Please note: The legal options and laws outlined below provide general information only. VRLC attorneys provide legal assistance to individual sexual assault survivors with immigration legal needs related to the assault in Massachusetts and Oregon.
For individual legal advice in Massachusetts please call (617) 399-6720 x19.
For individual legal advice in Clackamas, Multnomah, and Washington counties, Oregon, please call (503) 274-5477 x6.
If you have been raped or sexually assaulted, you may find yourself feeling afraid and unsafe after the assault. You may also have other safety-related concerns. The VRLC can help address your safety issues in Massachusetts or Oregon in a variety of ways, including:
- Help you get a Restraining Order
- Represent you to obtain a Stay Away or No Tresspass Order from a housing authority, private landlord, employer, or educational institution
- Negotiate with employers, housing authorities, and schools to enforce safety measures
- Work with you on ongoing Safety Planning
Restraining orders may be issued by the court or by institutions (like a housing authority or university). They instruct the assailant to stop abusing you and/or stop contacting you. A court-issued restraining order is often referred to as a "Civil Protection Order," or "CPO." It is a restraining order issued by the district, superior, probate and family, or juvenile court. If the abuser violates that order, then the police may arrest the assailant, and the court may impose a fine and/or jail sentence as a sanction for the violation.
In Massachusetts, you may be eligible for one of two types of orders:
1. M.G.L. 209A Restraining Order: The 209A Abuse Prevention Order requires some form of abuse from a family, household member, or someone with whom you have a substantial dating relationship.
2. M.G.L. 258E Restraining Order: The 258E Harassment Prevention Order is available to those who have been the victims of stalking, sexual assault, or harassment, but do not have a substantial dating relationship with the abuser.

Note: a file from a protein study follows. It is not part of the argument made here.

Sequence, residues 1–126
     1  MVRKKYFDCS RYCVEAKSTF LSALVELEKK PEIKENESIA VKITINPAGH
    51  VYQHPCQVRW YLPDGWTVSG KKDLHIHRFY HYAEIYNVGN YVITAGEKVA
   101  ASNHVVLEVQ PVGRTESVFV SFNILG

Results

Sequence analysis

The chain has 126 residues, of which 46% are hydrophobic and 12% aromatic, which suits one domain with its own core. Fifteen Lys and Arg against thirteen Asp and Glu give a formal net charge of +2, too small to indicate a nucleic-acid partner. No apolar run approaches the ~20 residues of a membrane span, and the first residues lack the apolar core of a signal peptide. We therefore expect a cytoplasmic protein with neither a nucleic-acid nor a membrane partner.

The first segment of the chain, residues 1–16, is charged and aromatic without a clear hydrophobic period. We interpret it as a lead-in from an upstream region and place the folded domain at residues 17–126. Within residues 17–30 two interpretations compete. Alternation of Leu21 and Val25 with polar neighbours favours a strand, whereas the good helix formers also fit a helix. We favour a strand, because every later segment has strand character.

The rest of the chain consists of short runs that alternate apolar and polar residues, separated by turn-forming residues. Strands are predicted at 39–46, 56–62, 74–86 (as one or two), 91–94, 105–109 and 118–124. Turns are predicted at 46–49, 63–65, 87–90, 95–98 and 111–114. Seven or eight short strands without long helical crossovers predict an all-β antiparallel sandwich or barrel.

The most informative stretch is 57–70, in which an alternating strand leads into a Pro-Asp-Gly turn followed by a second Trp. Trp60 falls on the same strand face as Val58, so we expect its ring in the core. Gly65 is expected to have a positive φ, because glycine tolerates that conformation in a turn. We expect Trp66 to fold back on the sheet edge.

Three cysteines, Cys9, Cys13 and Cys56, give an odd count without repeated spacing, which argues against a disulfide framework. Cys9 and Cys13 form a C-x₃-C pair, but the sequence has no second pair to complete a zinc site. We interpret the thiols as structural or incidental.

There are three different ways to qualify for this type of order:
- If you are a victim of three or more acts of harassment that is meant to and does indeed cause fear, intimidation, destruction of or abuse to property.
- If you are a victim of one act of forced sexual relations.
- If you are a victim of a crime that falls within a specific set of crimes as laid out in the 258E statute.
In Oregon, there are four types of civil protection orders. These include:
1. Elderly Persons and Persons with Disability Abuse Prevention Act (EPPDAPA) (ORS 124.000 et seq): The EPPDAPA is available to persons age 65 and older and persons with a disability who have experienced at least one incident of physical, sexual, or emotional abuse (or, in certain cases, neglect or theft) within the previous 180 days, and who is in immediate danger of further abuse. Access EPPDAPA forms and additional information here, and obtain a packet here (additional packets available in Spanish, Russian, Chinese, and Vietnamese).
2. Family Abuse Prevention Act (FAPA) (ORS 107.700 et. Seq.): The FAPA is available to any person who has been abused by a family member, current or former intimate partner, or parent of the abused person’s child within the past 180 days, and who is in immediate danger of further abuse. Access FAPA forms and additional information here, and obtain a FAPA packet here (additional packets available in Spanish, Russian, Chinese, and Vietnamese).
3. Sexual Abuse Protective Order (SAPO) (ORS 163.760 et seq): The SAPO is available to any person who has been subjected to sexual abuse by someone other than a family member, current or former intimate partner, or parent of the abused person’s child, within the past 180 days, and who has a reasonable fear of future harm. Access SAPO forms and additional information here. Please also see the SAPO instructions and petition.
4. Stalking Order (ORS 30.866): The Stalking Order is available to any person who has been subjected to two or more incidents of unwanted contact within the past two years, and who reasonably fears for his or her safety, or for the safety of a family member. Note: Oregon law also allows a victim to file a stalking complaint with law enforcement. See ORS 163.744(2). Access Stalking Order forms and additional information here. Please also see the Stalking Order instructions and petition (additional packets available in Spanish, Russian, Chinese, and Vietnamese).
For more information, see our Oregon Civil Restraining Orders Chart.
***Please know that obtaining a restraining order does not guarantee that the assailant will stay away from you. Some offenders will obey a court or institutional order; for others, it’s a piece of paper that they will totally disregard. If the offender ignores the order, you may need to consider other safety measures. The Victim Rights Law Center can help you make decisions about your safety planning after the assault.***